```Hello mongolia~ In the United States, the 435 members of the House of Representatives serve a two-year term. (Elections for Representatives are held every two years.) The U.S. Constitution requires at least one Representative per state. Beyond that, the number of representatives per state is determined by population, based upon a census taken each decade. The process of determining how many Reps each state may have is called ?apportionment.? The method of apportionment has changed throughout U.S. History. According to The U.S. Census Bureau, ?The methods used through most of this century have been based upon the use of a mathematically determined priority listing of states...calculated by dividing the population of each state by the geometric mean of its current and next seats--that assigns seats 51 through 435. This will be the method used in Census 2000, according to provisions of Title 2, U.S. Code.? (?Congressional Apportionment--How it's Calculated,? U.S. Census Bureau: http://www.census.gov/population/www/censusdata/apportionment/calculated.html ) For a more technical description of how apportionments may be calculated, see ?Computing Apportionment? at the U.S. Census Bureau: http://www.census.gov/population/www/censusdata/apportionment/computing.html To see a list of population vs. House seats, check out Census 2000 Ranking of Priority Values: http://www.census.gov/population/censusdata/apportionment/00pvalues.txt Each state that?s allowed more than one Rep must be divided into districts. Candidates are assigned to each district, and citizens living in that district vote on which candidate will become the official Representative of that district. Representatives must be at least 25 years old, and they must reside in whatever state they represent. If a vacancy occurs in the House in-between elections, a special election must be held to fill that seat. I hope this answers your question thoroughly, but if anything is unclear, please don?t hesitate to request a clarification before rating this Answer. Regards, Kriswrite RESEARCH STRATEGY: Researcher?s personal knowledge Google Search: "house of representatives" Apportionment``` Request for Answer Clarification by mongolia-ga on 10 Nov 2004 12:54 PST ```Kriswrite I may have confused you in my original question. My understanding is that as well as Congress (which is a federal institution and contains the senate and house of representatives) each State (as in New York, Texas, California etc) has it OWN elected Legislature headed up by the State Governer. It is these bodies to which i refer and to which my question refers. Now I may be wrong in this assumption (In which case the state Governer is the only elected person to reside in the state) I am more familiar with Canada which has a Federal Parliament in Ottawa and "Mini Parliaments" for each province. Hope this clarifies Mongolia``` Clarification of Answer by kriswrite-ga on 10 Nov 2004 13:02 PST ```Mongolia~ I'm sorry I misunderstood. You are correct; there are state legislatures. I will get to work on a new Answer. Kriswrite``` Clarification of Answer by kriswrite-ga on 10 Nov 2004 13:50 PST ```Hi again Mongolia~ This is a much more difficult question, as I imagine you realize. This reason for this is that each state has it?s own legislative body and has individual control over how they select their legislature. This means it?s tough to pin point commonalities between the legislatures of all states. Similar to the way the House of Representatives is chosen, state legislatures are apportioned according to population. (Please see the information on apportioning in my original answer.) Additionally, they may be apportioned according to numbers in certain districts, counties, and/or townships. Some states don?t frequently conduct a census, and sometimes redistricting doesn?t occur for many years. Since the 1960s, efforts have been made to remedy this. Nonetheless, similar to the House of Representatives, state legislators are assigned to an area of the state whose citizens then vote them in or out. Typically, the candidate lives in that district. Most state legislators are elected every two years. Many states do not have term limits, so that a representative may serve for as long as citizens will continue to vote them into office. In recent years, efforts have been made to curtail this, and impose term limitations. There really is no way to provide an ?average number? of people serving in state legislatures. For example, Alabama has 40 districts, and two legislators per district. Alaska has 40 districts, with one representative voted in per district. California has 80 districts with one representative each. Each state is quite different. Compounding the confusion, some states divide their legislatures into two bodies, usually called the assembly and senate. California and New York are two states that arrange their legislative body this way. I wish I could give you a more solid Answer, but I don?t think that?s possible. There are just too many variables. Therefore, if you aren?t satisfied with my second Answer, please let me know. Regards, Kriswrite KEYWORDS THAT WERE MOST EFFECTIVE: "state legislatures" "state legislatures" term* years state legislatur* serv* years state legislator* serv* years``` Request for Answer Clarification by mongolia-ga on 11 Nov 2004 07:53 PST ```Kriswrite I take your point that each state can have rather different set up. (And you have of course given me partila answers for certain states) What I would like to suggest is if you can answer my specific questions for the following 5 states - Delaware - Montana - Nevada - Maine - Hawaii Thanks Mongolia``` Clarification of Answer by kriswrite-ga on 11 Nov 2004 12:12 PST ```Hi Mongolia~ Here is the information you requested. If for any reason it?s unclear, don?t hesitate to ask for clarification. Delaware: How many Reps? Delaware has 41 members in their House of Representatives. How often are they elected? Every two years. What method of voting? Electronic voting machine. Montana: How many Reps? Montana?s House of Representatives has 100 members. How often are they elected? Every two years. Montana has limits of 8 or more terms in any 16-year period. What method of voting? Various methods: punch cards, paper, and optical scan. Nevada: How many Reps? Nevada has a State Senate and a State Assembly. The latter is the equivalent of a House of Representatives. There are 42 members of the Assembly. How often are they elected? Assembly members are elected every two years, with a term limit of 12 years. What method of voting? Various: optical scan, electronic, and punch card. Maine: How many Reps? 151 members of the House of Representatives. How often are they elected? Every two years. No member may serve more than four consecutive terms. What method of voting? Various methods, including paper, punch card, and electronic. Hawaii: How many Reps? There are 51 members of the House of Representatives. How often are they elected? Every two years. What method of voting? Optical scan. More information about the various methods of voting may be found at ?A Better Ballot,? The Christian Science Monitor: http://www.csmonitor.com/2003/1103/p11s02-uspo.html Kind regards, Kriswrite KEYWORDS: Delaware state legislature Delaware voting Montana state legislature Montana state legislature "term limits" Nevada state legislature Main state legislature Hawaii state legislature``` Request for Answer Clarification by mongolia-ga on 12 Nov 2004 03:37 PST ```Hi Kriswrite Thanks for the update on the 5 states. Just one final request When I asked for the method of voting (and again I should have made myself clear) I was actually asking for the method of voting in terms of straight voting, proportional representation, single transferable vote etc as opposed to the physical method of voting. Thanks Mongolia PS the information on the method of voting was very interesting and I was not aware that there are now so many ways that one can vote!``` Clarification of Answer by kriswrite-ga on 12 Nov 2004 08:43 PST ```Hi Mongolia~ I'm glad you found the voting method information interesting, even if it wasn't exactly what you were looking for :) In all these states, the state House Reps are chosen via apportionment. That is, it's based upon popoulation, divided into districts. (As mentioned in my original answer on the House of Representatives.) Is this detailed enough, or would like me to try to dig up specifics on how this is calculated? I'm doubtful that I can find the exact mathmatical method of apportionment per state, but I will certainly try, if you wish me to. Kriswrite``` Request for Answer Clarification by mongolia-ga on 13 Nov 2004 05:40 PST ```Can you explain a littlelbit better what you mean by apportionment? In straight voting one chooses one candidate from a list of candidates where only one candidate can be choosen fro office. In proportional one choooses one or more candidates from a list of candidates where two or more candidates can be choosen. Thanks Mongolia``` Clarification of Answer by kriswrite-ga on 15 Nov 2004 08:11 PST ```Hi Mongolia~ I'm sorry I wasn't perfectly clear. First, the state is divided up into sections called ?districts.? The sections are chosen according to population, so that a city might be one district, but a much larger area in the country might be another district. This is called ?apportionment.? (In other words, apportionment deals directly with the math: How many Representatives should the House have per how many citizens? The methods for deciding this vary from state to state, but a common method of making this determination is to divide ?the population of each state by the geometric mean of its current and next seats.? (?Congressional Apportionment--How it's Calculated,? U.S. Census Bureau: http://www.census.gov/population/www/censusdata/apportionment/calculated.html ) For a more technical description of how apportionments may be calculated, see ?Computing Apportionment? at the U.S. Census Bureau, which specifically looks at apportionment at the Federal level: http://www.census.gov/population/www/censusdata/apportionment/computing.html ) The method of election is thus: Candidates are chosen for each district. (In most cases, they must be residents of the district.) Ideally, there are at least two candidates per district to choose from, although sometimes the incumbent runs without opposition. (Which, incidentally, doesn?t prevent voters from choosing someone else. Write-in votes are possible, and do sometimes elect a new politician.) I hope that makes better sense :) Kriswrite```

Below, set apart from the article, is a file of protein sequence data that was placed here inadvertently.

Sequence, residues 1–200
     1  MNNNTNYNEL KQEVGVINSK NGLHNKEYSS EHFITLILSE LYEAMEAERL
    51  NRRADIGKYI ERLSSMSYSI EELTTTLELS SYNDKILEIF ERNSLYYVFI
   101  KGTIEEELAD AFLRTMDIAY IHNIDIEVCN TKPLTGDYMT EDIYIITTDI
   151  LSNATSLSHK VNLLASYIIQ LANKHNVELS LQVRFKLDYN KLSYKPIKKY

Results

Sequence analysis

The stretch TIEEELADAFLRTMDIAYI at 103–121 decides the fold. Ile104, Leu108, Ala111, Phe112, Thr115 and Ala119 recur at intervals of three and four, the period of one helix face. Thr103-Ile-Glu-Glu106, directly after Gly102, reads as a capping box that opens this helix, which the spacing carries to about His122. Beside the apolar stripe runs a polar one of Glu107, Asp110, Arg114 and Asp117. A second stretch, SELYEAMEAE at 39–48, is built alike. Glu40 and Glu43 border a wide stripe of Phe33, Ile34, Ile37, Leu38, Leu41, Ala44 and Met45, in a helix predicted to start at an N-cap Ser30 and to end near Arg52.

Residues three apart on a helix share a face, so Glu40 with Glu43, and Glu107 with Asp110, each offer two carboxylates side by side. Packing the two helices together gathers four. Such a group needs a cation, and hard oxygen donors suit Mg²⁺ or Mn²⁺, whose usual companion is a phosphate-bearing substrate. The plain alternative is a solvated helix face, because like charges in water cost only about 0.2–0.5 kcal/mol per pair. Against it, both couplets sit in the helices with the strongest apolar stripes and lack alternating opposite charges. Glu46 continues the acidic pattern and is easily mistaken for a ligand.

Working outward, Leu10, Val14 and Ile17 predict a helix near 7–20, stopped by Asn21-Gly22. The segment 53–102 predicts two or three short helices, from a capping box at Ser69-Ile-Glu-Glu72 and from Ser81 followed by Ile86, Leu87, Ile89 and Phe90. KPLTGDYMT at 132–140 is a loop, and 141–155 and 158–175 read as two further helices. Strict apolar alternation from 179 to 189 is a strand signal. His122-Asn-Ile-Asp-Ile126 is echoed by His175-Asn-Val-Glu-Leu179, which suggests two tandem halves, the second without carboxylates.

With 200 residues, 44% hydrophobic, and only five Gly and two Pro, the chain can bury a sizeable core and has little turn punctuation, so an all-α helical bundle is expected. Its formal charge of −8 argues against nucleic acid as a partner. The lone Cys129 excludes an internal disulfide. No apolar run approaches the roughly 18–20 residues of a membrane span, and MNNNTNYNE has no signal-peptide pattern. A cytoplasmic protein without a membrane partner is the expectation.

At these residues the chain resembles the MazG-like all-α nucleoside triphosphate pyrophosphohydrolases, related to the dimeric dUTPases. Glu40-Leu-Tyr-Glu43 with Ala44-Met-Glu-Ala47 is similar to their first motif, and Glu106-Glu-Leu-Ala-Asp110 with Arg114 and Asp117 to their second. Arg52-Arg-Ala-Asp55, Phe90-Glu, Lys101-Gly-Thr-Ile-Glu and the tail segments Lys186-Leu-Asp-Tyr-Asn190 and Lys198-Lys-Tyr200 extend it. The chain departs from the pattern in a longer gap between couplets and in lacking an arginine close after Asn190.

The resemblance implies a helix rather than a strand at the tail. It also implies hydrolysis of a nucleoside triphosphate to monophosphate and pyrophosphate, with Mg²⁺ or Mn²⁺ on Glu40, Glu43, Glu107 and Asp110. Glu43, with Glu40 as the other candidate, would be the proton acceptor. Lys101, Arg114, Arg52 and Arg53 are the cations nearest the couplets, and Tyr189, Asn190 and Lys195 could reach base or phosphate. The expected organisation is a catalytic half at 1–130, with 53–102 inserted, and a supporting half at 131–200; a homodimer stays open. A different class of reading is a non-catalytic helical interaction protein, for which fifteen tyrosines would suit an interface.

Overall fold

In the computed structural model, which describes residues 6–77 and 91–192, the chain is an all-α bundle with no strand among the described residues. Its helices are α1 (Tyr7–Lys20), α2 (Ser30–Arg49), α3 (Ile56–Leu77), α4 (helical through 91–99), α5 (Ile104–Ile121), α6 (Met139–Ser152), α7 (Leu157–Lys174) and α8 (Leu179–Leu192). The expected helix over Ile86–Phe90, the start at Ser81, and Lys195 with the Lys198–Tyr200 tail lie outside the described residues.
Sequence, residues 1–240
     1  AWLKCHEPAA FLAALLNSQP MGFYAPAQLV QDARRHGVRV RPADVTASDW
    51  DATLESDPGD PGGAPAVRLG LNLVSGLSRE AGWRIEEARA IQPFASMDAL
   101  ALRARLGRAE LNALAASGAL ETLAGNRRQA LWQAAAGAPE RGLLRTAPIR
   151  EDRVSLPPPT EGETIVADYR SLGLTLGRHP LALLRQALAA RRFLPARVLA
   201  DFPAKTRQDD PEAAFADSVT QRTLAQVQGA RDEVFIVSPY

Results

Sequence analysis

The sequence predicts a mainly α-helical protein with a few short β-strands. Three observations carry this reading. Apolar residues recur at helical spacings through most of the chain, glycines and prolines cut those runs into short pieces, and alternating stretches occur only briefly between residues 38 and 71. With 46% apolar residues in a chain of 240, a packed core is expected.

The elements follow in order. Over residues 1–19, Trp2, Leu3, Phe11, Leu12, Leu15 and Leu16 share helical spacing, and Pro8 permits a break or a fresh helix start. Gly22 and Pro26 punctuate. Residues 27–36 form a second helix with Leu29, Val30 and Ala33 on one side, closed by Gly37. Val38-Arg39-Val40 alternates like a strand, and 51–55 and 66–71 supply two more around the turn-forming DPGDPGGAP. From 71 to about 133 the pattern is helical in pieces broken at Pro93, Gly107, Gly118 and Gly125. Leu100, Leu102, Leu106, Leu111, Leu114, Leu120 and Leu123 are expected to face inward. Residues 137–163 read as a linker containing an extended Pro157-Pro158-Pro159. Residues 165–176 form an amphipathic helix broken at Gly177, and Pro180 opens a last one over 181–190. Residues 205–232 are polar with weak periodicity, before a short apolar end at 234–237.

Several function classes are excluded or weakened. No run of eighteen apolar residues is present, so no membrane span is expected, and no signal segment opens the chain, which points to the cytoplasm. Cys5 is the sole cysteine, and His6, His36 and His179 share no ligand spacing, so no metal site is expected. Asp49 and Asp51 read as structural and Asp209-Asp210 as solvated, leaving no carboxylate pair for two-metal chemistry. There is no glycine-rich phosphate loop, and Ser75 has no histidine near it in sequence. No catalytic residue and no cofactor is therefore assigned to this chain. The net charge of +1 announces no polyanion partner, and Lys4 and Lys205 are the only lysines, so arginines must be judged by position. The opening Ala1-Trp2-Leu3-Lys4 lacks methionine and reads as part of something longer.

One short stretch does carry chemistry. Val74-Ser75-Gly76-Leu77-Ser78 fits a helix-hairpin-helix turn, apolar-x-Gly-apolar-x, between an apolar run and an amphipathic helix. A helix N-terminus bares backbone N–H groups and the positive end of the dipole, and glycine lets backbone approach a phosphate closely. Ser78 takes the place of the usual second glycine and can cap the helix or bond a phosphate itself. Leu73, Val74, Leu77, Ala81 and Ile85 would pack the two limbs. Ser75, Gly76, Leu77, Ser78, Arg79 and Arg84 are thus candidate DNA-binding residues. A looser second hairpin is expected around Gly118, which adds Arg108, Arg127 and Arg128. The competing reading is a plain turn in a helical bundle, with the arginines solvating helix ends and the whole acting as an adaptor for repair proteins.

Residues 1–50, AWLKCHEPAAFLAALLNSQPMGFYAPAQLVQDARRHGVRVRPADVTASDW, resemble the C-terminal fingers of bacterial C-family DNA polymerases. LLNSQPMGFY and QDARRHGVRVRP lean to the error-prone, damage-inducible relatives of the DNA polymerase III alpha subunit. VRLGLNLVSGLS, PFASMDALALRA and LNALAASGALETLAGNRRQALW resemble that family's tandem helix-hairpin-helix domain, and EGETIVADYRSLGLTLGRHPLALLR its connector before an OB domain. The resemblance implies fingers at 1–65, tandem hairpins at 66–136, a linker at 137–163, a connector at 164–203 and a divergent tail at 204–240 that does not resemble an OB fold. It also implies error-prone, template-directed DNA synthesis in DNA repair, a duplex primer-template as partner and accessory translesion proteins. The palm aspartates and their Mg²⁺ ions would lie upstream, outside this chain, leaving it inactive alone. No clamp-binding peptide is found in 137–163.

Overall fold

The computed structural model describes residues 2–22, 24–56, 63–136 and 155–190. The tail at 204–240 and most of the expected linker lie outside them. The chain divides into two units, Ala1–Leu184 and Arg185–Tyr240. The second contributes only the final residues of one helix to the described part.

```As kriswrite typed, many of the fifty States pattern the federal with both a House/Assembly and a Senate, The 80 represenatives in California each represent about 120,000 registered voters on the average. This falls to about 40,000 registered voters for some of the least populous states, which typically have fewer than 80 house members. Neil```